Chosen by the Istanbul curator, Magadlela’s installation of pantyhose and performance piece with sewing machine titled S’Maidical have something of a presence battle with the rest of the huge exhibition that takes up five floors of the new MSFAU Istanbul Painting and Sculpture Museum. Among a variety of art that ranges from multiple video screens, bold, whole-room set-ups to small drawings, visitors may miss the whiff of humour that accompanies her “tapestries of tights”.
It takes more than three hours to just walk the MSFAU show, which comprises work by some 40 of the 56 invited artists. A number of those stop-you-in-your-tracks pieces show that contemporary artists can make powerful, inventive art reflecting the current global environment and social crises.
In the tradition of the Istanbul biennial, Turkish artists are not shy to tackle vital local topics. The country’s building boom, destroying natural environment, piling up concrete, polluting the air, come up in different ways, including Ozan Atalan’s installation of a real threatened water buffalo skeleton and Denis Aktas’s powerful drawing of an endless pile of tyres titled The Ruins of Hope.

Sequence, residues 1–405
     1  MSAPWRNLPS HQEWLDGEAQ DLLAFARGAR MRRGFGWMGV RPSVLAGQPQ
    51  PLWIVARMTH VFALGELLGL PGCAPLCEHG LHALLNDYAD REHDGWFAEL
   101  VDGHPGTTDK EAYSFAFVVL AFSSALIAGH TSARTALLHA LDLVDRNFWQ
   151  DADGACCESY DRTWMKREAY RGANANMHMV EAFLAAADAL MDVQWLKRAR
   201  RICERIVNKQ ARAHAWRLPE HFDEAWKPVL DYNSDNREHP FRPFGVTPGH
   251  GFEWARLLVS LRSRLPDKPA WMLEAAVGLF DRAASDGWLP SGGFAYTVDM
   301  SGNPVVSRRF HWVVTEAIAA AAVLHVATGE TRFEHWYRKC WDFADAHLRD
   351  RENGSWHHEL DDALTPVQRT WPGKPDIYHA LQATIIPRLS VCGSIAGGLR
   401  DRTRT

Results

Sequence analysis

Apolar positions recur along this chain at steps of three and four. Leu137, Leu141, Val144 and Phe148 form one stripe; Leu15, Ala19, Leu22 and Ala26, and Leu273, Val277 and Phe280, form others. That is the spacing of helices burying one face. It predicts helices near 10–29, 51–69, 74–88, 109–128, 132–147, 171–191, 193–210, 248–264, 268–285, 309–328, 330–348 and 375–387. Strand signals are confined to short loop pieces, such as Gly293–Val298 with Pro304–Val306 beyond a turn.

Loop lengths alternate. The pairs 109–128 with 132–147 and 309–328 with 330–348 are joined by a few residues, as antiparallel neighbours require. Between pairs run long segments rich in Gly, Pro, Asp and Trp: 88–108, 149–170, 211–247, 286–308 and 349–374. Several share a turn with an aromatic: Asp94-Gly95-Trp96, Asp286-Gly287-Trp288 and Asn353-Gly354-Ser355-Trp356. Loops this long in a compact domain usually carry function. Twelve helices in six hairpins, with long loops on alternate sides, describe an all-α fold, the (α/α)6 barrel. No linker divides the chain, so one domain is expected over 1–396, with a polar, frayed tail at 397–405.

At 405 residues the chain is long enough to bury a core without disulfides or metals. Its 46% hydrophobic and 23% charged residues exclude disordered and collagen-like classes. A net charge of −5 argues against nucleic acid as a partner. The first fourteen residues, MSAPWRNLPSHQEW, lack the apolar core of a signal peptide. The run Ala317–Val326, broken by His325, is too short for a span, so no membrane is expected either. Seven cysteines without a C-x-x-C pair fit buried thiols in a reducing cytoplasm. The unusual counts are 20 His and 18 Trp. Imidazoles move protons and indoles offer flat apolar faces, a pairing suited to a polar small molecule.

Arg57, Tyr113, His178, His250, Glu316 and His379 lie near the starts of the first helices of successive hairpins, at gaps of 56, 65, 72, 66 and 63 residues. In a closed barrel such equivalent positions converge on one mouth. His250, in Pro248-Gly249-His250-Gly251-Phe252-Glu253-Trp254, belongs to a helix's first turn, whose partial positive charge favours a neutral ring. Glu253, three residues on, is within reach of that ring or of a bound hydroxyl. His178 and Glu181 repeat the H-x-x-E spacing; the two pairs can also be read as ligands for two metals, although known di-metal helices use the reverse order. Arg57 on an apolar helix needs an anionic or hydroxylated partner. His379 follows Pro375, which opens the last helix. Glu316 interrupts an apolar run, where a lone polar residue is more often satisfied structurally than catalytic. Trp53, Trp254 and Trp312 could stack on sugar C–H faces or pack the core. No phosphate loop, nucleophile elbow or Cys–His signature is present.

Ironically, the museum building, making its debut as an art venue, sits next to a site that is under construction.
The Istanbul biennial made a last-minute shift to this space because the renovated shipyard warehouse originally selected has not been cleared of asbestos. Another exhibition space is the Pera Museum up the hill, while old mansions on the island of Büyükada is also used for atmospheric installations.
If you thought that art simply equates beauty, the Turkish biennial suggests that there is more urgency to creative messaging and artists can muster strong, well-modulated voices to confront the serious issues that define our critical time. With nuance and imagination this is art that really delivers a kick to the conscience.